The Drosophila receptor tyrosine kinase Pvr shares homology with the vertebrate platelet-derived growth factor (PDGF) and vascular endothelial growth factor (VEGF) receptors. During embryogenesis Pvr controls the migration and survival of hemocytes (28, 29, 30, 31). In larvae the Pvr pathway may also be involved in hemocyte proliferation (Fig. 1 B). Overexpression of Pvr in hemocytes or misexpression of the ligand Pvf2 causes a significant increase in either circulating hemocyte numbers or expansion of the lymph gland (21, 32). Zettervall et al. (21) showed that expressing a dominant-negative Pvr construct was sufficient to decrease the number of circulating hemocytes.
Overactivation of the Drosophila Toll pathway, which has been shown to be involved in both Drosophila and vertebrate immunity upstream of NFκB/IκB signaling pathway, also induces hypertrophy of the lymph gland and hemopoietic defects that include overproliferation and aberrant differentiation (21, 33). More recently, Matova and Anderson (34) showed that the REL transcription factors Dif and Dorsal, known to signal downstream of the Toll receptor, are essential for proper circulating hemocyte numbers, as well as for proper plasmatocyte function. Larvae that are Dif dorsal double mutants have three times fewer hemocytes than wild-type larvae. This is partially due to an increase in apoptosis. Furthermore, overexpression of Dif or Dorsal in hemocytes induces proliferation (34). Dif and Dorsal are also necessary for proper hemocyte function because loss of both REL factors in hemocytes inhibits the clearance of bacteria from the hemolymph.
Similar to vertebrates Notch signaling is required during Drosophila embryogenesis for development of all cardiogenic mesoderm, including the lymph gland (35). In larvae Notch signaling is necessary in a compartment of the lymph gland, known as the posterior signaling center, for the determination of the larval crystal cells in the lymph gland (36, 37). In the posterior signaling center Serrate (Ser) signals through Notch to induce a subpopulation of prohemocytes to commit to crystal cell lineage by inducing the expression of Lz (Fig. 1,B). Recently, the early B cell factor homolog Collier (also known as Knot (Kn)), was shown to be expressed in the posterior signaling center before Ser expression, and is necessary to control Ser expression in these cells (38). When Collier expression is removed from the lymph gland, the mutant larvae fail to produce lamellocytes upon parasitization. This indicates a role for collier in lamellocyte specification (Fig. 1 B).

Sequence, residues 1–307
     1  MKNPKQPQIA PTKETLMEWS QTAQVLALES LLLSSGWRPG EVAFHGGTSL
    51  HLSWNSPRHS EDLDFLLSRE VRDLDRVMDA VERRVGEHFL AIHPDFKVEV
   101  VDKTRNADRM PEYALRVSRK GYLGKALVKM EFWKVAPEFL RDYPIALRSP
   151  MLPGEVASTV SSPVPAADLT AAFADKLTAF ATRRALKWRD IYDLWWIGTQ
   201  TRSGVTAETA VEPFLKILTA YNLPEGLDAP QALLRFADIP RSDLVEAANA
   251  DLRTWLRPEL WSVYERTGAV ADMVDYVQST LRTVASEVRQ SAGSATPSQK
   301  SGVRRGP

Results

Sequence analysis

After the embryonic hemocytes differentiate in the head mesoderm, the plasmatocytes begin to migrate out into the rest of the embryo. Embryonic plasmatocytes migrate along predetermined routes until the whole embryo is populated by stage 17 (39). For the plasmatocytes to migrate out of the head region, they require the activity of the Drosophila PDGF/VEGF receptor, Pvr and three ligands Pvf1, Pvf2, and Pvf3 (29). When the Pvr receptor or all three ligands are removed, the plasmatocytes fail to migrate out of the head region (29, 31). The ligands Pvf1, Pvf2, and Pvf3 are redundant for hemocyte migration out of the head region. Furthermore, ectopic expression of one of the Pvr ligands, Pvr2, induces a chemotactic response in embryonic plasmatocytes (29). More recently, it was shown that the small GTPases Rac1, Rac2, and Cdc42 are also required for proper plasmatocyte migration during embryogenesis (40). The Rac GTPases are known to signal downstream of Pvr during border cell migration in oogenesis (41), and it would be interesting to know if they are also required downstream of Pvr during embryonic plasmatocyte migration.
In mammals, macrophages migrate to wound sites to remove cell and matrix debris, and it was believed that the Rho family GTPases Rac1 and Rac2 were necessary for their migration. Yet recently, it was shown that, although they are necessary for proper macrophage morphology, they are dispensable for migration (42). In Drosophila embryos, this is not the case. Stramer et al. (43) showed that wounding of a Drosophila embryo induced hemocytes to migrate to the wound location and that this migration required the activities of Rac1, Rac2, and Rho GTPase. Once there, similar to mammalian macrophages, the embryonic hemocytes engulfed cellular debris and apoptotic corpses. Removal of Rac1 and Rac2 reduced the number of hemocyte lamellipodia induced by wounding, and very few hemocytes were recruited to the wounds. This suggests that the Rac GTPases are necessary for the migration of embryonic plasmatocytes to wounds. Embryos mutant for Rho1 also failed to migrate to laser-induced wounds. Hemocytes lacking Rho1 activity sense the wound and try to migrate to it but are held back because they are unable to retract their trailing edge. A similar defect has been described in human monocytes (44). In monocytes, the small GTPase Cdc42 is required to recognize and respond to chemotactic signals (45, 46, 47). When Cdc42 signaling was blocked in embryonic plasmatocytes, they were still able to migrate to the wound, but the motility of the plasmatocytes was affected. Similar to what has been described for both yeast and mammalian cells, hemocytes lacking Cdc42 were not able to maintain their cell polarity (43, 48). These results show that, similar to mammalian leukocytes, Drosophila plasmatocytes require the Rho family GTPases for proper migration to wound sites.